Woman battling rare breakthrough COVID-19 case
"My case is very rare, but it is absolutely a testament to a worst case scenario."
LINCOLN, Neb. (KLKN) – Meet 36-year-old Danielle Juneau, a vaccinated Lincoln woman who has been through some tough times the last several months after contracting the Delta variant. Some are considering her COVID-19 case, one in a million.
“I do know my case is very rare, but it is absolutely a testament to a worst case scenario,” Juneau said.
A COVID outbreak at her daughter’s day care in the beginning of June infected her 4-year-old and herself. It began as mild COVID-19 symptoms, but those symptoms progressively got worse. A high fever, a painful headache and she started seeing double vision. As days went by, she knew something was seriously wrong when she started losing feeling in her hands and feet.
“There was one point when I called my oldest daughter, I said you need to get dad, I can’t move, something is wrong. He needs to move me out of the bed,” Juneau said. “It was very difficult for me to walk, it was difficult for me to go up and down the stairs. I had this feeling that my body would collapse out from underneath itself.”
Along with those symptoms, came a continuation of partial blindness and ringing in her ears. She describes the sound as so loud that it was causing her to feel as if she was going deaf. Juneau was rushed to the Emergency Room where doctors ran a battery of tests – all of her results coming back normal.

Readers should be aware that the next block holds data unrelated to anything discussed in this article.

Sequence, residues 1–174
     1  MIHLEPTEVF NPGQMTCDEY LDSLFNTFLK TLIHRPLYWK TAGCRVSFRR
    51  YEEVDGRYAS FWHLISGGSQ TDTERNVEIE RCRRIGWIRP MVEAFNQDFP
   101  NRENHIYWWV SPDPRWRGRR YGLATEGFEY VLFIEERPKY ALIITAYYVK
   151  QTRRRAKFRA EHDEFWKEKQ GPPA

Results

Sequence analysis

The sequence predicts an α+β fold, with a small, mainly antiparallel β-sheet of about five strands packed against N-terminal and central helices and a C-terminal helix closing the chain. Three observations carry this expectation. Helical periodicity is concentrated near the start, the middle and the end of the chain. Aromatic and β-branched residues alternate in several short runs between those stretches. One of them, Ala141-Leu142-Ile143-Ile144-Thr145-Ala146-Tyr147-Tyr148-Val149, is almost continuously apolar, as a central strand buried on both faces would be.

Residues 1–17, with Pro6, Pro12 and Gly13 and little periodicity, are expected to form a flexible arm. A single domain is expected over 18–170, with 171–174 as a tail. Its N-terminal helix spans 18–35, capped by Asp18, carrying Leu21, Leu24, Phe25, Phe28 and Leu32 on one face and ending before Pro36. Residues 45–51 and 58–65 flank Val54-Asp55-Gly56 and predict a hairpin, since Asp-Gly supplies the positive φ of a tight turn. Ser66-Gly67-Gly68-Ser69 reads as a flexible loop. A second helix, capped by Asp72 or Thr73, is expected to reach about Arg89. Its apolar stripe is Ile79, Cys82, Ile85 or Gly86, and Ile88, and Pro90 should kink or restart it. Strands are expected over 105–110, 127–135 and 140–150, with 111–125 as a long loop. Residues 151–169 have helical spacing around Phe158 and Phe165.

“I didn’t know if my ability to walk would go out again because it was coming in and out. I didn’t know if the blindness would be permanent. I didn’t know If I would be deaf permanently, it was pretty frightening,” Juneau said.
After multiple hospital trips, 15 positive COVID tests, and testing positive for over a month, it prompted Juneau to take action.
She started looking to join research and clinical trials, hoping someone could give her answers. She sent an email to Johns Hopkins and sure enough, they agreed to work with her.
The research team will now be following Juneau for a full year, doing various cognitive tests, sending Phlebotomist’s to analyze her blood and take note of every symptom over the next 365 days.
At this point, doctors are considering her COVID-19 case as a form of ‘Long COVID.’ Although she’s not testing positive currently, she’s still having on and off again symptoms, like Arthritis and an irregular heart beat. And that’s just the physical mark COVID-19 has left on her. Juneau says the mental toll is just as isolating.
“It’s kind of cut short a lot of the hobbies and things that I enjoy,” Juneau said. “The things that make me happy and give me a sense of purpose.”
Through the last several months, Juneau sticks by her decision and has no regrets getting the COVID-19 vaccine. She believes the shot may have saved her life.
“I believe that if I had not gotten a vaccine at all that my case would have been even worse. I mean as much as it was a worst-case scenario, I feel it could have been infinitely more worse,” Juneau said. “There is a possibility that you and I wouldn’t even be having this discussion after that.”